EU ministers gave final approval Tuesday to new laws to tackle marine litter coming from single-use plastic products found on European beaches, as well as abandoned fishing gear and oxo-degradable plastics.

The formal adoption of the new rules by the Council today is the final step in the procedure.

The single-use plastics directive builds on the EU's existing waste legislation but goes further by setting stricter rules for those types of products and packaging which are among the top ten most frequently found items polluting European beaches. The new rules ban the use of certain throwaway plastic products for which alternatives exist. In addition, specific measures are introduced to reduce the use of the most frequently littered plastic products.

Single-use plastic products are made wholly or partly of plastic and are typically intended to be used just once or for a short period of time before they are thrown away.

The final adoption was welcomed by the European Commission. "Plastic straws or forks are little objects but can make great, long-lasting damages," said the Commissioner for environment, maritime affairs and fisheries Karmenu Vella: "The single-use plastics legislation will address 70 percent of marine litters items, avoiding environmental damage that would otherwise cost €22 billion by 2030."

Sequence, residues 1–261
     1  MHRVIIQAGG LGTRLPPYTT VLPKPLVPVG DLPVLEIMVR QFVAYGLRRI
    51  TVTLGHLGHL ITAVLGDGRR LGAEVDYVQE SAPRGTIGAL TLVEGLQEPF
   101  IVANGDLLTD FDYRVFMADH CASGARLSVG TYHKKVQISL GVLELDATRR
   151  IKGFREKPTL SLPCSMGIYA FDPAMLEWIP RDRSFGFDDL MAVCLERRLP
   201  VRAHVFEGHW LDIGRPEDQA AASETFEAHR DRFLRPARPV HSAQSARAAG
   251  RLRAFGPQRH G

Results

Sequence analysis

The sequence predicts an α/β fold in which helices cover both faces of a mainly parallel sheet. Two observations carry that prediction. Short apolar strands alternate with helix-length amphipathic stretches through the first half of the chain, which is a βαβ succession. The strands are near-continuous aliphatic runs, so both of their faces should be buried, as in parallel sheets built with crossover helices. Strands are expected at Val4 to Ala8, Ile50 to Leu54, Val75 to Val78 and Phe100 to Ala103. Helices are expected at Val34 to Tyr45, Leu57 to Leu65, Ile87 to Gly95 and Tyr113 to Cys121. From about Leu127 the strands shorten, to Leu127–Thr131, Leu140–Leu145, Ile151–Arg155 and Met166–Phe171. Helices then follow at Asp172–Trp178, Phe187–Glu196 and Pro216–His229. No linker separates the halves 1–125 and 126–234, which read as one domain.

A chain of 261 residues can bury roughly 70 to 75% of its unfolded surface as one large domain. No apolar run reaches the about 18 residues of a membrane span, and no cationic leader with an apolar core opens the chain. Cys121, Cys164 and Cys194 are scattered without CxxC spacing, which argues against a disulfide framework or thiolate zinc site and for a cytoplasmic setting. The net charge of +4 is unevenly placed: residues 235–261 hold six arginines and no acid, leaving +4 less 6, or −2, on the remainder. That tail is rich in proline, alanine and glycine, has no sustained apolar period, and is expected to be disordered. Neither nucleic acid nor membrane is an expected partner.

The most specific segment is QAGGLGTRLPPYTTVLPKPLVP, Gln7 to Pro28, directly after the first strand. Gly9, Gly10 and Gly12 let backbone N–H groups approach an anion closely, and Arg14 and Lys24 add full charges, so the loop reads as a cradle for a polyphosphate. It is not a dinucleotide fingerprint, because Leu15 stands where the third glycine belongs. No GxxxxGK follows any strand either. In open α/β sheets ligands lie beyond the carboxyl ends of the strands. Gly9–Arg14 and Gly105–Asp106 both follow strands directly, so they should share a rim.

One of the main purposes of this directive is to reduce the amount of plastic waste which we create. The new rules will introduce:

  • A ban on selected single-use products made of plastic for which alternatives exist on the market: cotton bud sticks, cutlery, plates, straws, stirrers, sticks for balloons, as well as cups, food and beverage containers made of expanded polystyrene and on all products made of oxo-degradable plastic.
  • Measures to reduce consumption of food containers and beverage cups made of plastic and specific marking and labelling of certain products.
  • Extended Producer Responsibility schemes covering the cost to clean-up litter, applied to products such as tobacco filters and fishing gear.
  • A 90% separate collection target for plastic bottles by 2029 (77% by 2025) and the introduction of design requirements to connect caps to bottles, as well as target to incorporate 25% of recycled plastic in PET bottles as from 2025 and 30% in all plastic bottles as from 2030. Member states have agreed to achieve a 90% collection target for plastic bottles by 2029, and plastic bottles will have to contain at least 25% of recycled content by 2025 and 30% by 2030.

The Council decision will now be followed by the publication of the texts in the Official Journal of the European Union. The Directive will enter into force 20 days after the publication. The Member States will then have two years to transpose the legislation into their national law.